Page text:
Today’s mental health crisis is still on the rise. Here is one thing for sure to not get your kids for Christmas.
Now that black Friday and Cyber Monday are over, many of us are still searching for the perfect gift to make our kids holiday season extra special.
My wife and I have eight kids ranging in age from 18 all the way down to one. I know how difficult it can be to try to bring holiday magic and joy to each one and make this an extra special time of year. Thankfully our little kids are satisfied with just about anything we put in wrapping paper.
Teenagers on the other hand, as you know, can be a little bit more difficult to please.
Of course my mind immediately goes to technology. Wouldn’t it be great to see those big smiles for once on teenage faces, as I present them with the newest or latest gadget?
Believe me I remember how excited I was at 10 years old when my parents got us our very first Nintendo Entertainment System. It became the focus of our attention for several years afterwards if not the rest of my childhood.
With the advent of video games there was very little data about the impacts of gaming on a young developing brain. I remember shortly after receiving the gift our parents began warning us our faces would freeze from sitting too close to the TV. Or we would become mindless zombies if we played too much. Well my face didn’t freeze. I’m not a mindless zombie. They must have been wrong, right? Well a few things have changed about technology since then.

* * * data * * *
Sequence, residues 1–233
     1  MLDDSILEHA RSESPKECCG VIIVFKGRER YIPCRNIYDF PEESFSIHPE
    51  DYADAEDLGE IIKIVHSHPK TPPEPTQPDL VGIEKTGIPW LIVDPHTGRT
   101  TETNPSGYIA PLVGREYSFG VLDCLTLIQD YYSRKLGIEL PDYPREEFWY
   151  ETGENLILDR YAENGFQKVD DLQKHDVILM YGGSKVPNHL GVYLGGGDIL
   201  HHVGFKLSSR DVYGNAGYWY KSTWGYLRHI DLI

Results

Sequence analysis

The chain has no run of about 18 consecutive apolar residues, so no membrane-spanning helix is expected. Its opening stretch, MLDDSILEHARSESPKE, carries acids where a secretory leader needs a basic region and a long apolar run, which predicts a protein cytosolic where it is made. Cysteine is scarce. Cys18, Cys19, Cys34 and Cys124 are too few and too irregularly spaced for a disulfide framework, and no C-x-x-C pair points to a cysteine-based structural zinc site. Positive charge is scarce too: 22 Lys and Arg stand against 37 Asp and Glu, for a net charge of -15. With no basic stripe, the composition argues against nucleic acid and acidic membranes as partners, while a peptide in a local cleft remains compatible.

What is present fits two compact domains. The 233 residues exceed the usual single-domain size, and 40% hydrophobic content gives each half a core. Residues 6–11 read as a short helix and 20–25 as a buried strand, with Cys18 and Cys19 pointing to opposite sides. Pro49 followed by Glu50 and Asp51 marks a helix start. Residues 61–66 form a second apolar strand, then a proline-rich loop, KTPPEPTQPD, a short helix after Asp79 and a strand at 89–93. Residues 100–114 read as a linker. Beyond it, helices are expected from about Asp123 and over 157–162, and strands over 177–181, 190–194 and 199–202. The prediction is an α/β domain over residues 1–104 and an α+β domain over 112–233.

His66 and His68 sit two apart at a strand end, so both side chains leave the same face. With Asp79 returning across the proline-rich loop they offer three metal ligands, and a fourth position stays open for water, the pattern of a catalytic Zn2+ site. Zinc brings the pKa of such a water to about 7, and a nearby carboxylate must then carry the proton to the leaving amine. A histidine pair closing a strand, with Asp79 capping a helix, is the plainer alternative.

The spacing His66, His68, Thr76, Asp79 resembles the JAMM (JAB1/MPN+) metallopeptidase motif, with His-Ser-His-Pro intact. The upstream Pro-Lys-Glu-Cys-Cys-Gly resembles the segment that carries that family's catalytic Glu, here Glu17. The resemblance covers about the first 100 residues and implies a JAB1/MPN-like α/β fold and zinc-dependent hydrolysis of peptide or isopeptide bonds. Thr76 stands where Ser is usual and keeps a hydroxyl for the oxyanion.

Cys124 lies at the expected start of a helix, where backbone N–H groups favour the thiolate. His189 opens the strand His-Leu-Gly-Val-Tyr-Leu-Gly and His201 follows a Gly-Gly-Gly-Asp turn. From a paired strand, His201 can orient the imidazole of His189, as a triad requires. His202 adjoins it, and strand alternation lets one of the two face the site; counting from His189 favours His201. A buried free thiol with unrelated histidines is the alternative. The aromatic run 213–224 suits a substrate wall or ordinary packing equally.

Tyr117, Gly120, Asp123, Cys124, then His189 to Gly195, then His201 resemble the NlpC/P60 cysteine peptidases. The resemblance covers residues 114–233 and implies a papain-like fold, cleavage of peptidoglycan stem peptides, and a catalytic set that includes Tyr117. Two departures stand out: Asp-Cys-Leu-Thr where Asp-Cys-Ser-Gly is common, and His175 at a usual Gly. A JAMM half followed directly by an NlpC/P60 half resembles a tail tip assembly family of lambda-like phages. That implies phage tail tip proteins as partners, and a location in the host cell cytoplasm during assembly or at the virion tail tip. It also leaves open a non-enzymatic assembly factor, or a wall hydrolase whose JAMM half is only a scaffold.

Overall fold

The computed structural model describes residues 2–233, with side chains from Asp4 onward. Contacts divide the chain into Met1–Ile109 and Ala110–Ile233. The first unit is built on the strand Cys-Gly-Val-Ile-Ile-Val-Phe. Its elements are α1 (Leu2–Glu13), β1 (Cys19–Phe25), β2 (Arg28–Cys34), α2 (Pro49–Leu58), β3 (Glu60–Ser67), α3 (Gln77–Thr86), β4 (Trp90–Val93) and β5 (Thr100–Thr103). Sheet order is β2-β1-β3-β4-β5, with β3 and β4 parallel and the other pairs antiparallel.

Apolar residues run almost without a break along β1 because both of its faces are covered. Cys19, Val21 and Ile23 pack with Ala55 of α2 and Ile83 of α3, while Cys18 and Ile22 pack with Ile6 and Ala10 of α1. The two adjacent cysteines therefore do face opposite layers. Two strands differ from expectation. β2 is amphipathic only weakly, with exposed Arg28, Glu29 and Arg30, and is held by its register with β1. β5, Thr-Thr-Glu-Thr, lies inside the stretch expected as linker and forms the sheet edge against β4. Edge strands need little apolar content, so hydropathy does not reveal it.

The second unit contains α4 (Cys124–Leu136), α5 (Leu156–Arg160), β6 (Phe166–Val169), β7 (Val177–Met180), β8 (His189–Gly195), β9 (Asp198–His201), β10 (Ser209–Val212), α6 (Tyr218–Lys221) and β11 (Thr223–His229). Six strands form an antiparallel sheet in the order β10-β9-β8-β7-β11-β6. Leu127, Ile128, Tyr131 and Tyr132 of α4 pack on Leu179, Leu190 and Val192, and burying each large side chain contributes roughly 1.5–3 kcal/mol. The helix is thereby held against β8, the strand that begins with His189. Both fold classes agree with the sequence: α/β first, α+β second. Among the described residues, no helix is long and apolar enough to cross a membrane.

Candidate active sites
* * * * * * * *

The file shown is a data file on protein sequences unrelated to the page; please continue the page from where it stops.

When parents ask what I do for work…
I ask them in return if they’ve ever heard of kids having anxiety these days? They of course laugh and recognize that we are currently deep in a mental health crisis.
Anxiety, depression, suicide and trauma have touched nearly every one of our lives. The CDC reported that 44% of high school students in 2021 reported they persistently felt sad or hopeless during the past year. We are now near half of high school students with diagnosable general anxiety disorder or depression.
The next question is almost inevitably…
“What is causing this mental health crisis?”
I then returned the question by asking the parents what they think is causing it. Almost every time parents intuitive reply they know the problem is smartphones.
Screen addiction affects the brain just like any other addictive substance or behavior. Recent studies and current brain scan technology help us understand how the highly addictive short term reward hormone called dopamine creates a dependence.